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The quadrat sampling technique is primarily used in estimating the size of the plant populations. The technique uses quadrat of specific size. A quadrat is a square frame made of wood, string or metal. The size of a quadrat used depends on the organisms being studied. Quadrat sampling is carried out at random in the habitat studied. The distribution of plants in a habitat being investigated is based on the following aspects: a) Frequency = Frequency is the number of times a pasticular species is found present when a quadrat is thrown a certain number of times.

b) Density = Density is the mean number of individuals of a species per unit area.

c) Percentage coverage = percentage coverage is an indication of how much area of the quadrat is occupied by a species. The percentage is useful when it is not possible to identify separate individuals.

4.2

The Capture, Mark, Release and Recapture Method

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This method is used to estimate the population size of animals such as garden snails and wood lice in a community. In this technique, the first sample is the number of a certain animal that is caught, marked and then released. After a few days, a second sample is taken and recorded. The number of individuals marked in the recaptured sample is counted and recorded. Initially, a specific animal sample is captured and marked with a ring, a tag or with waterproof coloured ink, paint or nail varnish. The population size of the animals in the area can be estimated using the formula below:

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Order of Classification Taxonomy is a branch of Biology concerned with identifying, describing and naming organisms. It is also a systematic method of classifying plants and animals based on the similarities in their characteristics. It enables communication among scientists and allows information about a particular organism to be found more readily. In the classification system, organism are classified and grouped into kingdoms based on their common characteristics. All organisms on Earth can be classified into five kingdoms. The five kingdoms are Prokaryotae, Protista, Fungi, Plantae and Animalia.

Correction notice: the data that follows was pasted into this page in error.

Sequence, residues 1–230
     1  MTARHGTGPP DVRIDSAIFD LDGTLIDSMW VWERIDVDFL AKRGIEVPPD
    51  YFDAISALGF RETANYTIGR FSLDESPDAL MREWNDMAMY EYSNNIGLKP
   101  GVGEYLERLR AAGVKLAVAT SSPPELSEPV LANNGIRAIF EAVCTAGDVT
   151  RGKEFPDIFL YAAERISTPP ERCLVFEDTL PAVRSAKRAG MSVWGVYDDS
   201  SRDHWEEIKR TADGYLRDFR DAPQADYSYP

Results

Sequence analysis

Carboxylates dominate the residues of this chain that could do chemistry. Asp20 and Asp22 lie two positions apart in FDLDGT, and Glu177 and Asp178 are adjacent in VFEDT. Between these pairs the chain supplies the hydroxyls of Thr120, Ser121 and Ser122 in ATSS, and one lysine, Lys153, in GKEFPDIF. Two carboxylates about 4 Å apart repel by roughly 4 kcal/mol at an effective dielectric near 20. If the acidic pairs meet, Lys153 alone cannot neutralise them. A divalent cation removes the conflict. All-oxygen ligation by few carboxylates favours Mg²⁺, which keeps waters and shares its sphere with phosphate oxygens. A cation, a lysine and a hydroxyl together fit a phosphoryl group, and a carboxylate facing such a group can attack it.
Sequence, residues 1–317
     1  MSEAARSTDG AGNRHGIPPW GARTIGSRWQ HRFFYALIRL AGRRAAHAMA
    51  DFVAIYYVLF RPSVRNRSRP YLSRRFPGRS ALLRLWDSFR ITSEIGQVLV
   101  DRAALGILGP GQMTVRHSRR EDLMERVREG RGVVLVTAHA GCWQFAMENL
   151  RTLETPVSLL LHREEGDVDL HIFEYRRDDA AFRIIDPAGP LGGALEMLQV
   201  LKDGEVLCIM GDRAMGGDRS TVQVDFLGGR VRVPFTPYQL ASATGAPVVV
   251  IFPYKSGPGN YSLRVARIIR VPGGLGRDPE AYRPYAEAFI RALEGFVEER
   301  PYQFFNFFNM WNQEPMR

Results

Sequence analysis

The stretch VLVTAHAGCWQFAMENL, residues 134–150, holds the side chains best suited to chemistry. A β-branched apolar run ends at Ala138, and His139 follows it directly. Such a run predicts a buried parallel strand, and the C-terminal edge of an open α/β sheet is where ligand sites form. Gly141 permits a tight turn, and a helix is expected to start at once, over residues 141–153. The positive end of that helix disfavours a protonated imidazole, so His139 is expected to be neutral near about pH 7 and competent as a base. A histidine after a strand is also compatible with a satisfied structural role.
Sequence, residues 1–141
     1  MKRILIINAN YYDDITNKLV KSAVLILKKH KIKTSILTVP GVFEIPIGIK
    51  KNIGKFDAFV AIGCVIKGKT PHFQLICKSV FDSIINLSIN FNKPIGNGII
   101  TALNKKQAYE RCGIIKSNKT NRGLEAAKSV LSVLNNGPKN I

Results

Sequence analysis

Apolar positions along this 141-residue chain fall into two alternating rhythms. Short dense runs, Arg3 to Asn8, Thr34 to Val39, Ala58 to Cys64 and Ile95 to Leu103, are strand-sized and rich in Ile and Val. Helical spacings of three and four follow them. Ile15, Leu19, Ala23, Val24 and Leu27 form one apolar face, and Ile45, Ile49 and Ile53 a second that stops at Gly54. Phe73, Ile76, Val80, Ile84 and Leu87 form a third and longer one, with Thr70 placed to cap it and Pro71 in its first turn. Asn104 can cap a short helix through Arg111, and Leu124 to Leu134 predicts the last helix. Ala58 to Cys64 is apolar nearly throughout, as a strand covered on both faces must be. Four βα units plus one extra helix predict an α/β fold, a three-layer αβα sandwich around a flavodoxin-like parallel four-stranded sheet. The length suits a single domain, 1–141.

5.1

The Hierarchy in the classification of organisms • • Organisms are classified from kingdom (the largest) to species (the smallest) in the hierarchy system of classification. Each kingdom is divided into phylum. Organisms in the same phylum have the same specific characteristics. These characteristics differ from organisms in other phyla. • • Each phyla is then divided into class. Organisms in the same class have the characteristics but differ from organisms in other classes. Subsequently, class is divided into order, order into family, family into genus, and genus into species. Species is most specific classification based on the hierarchy.

6.0 • • •

Nitrogen Cycle The nitrogen cycle is important in maintaining the balance of nitrogen content in the water, soil and atmosphere. Microorganisms such as bacteria, fungi and algae play important roles in nitrogen cycle. The main processes in the nitrogen cycle are: a) b) c) d) i. Nitrogen fixation Decomposition Nitrification Denitrification

Nitrogen fixation • Nitrogen fixation is a process by which nitrogen in the air is converted to nitrogen compounds required for growth. • The nitrogen in the air that is trapped in the soil is absorbed by nitrogenfixing bacteria which convert it to nitrogen compounds as nitrates.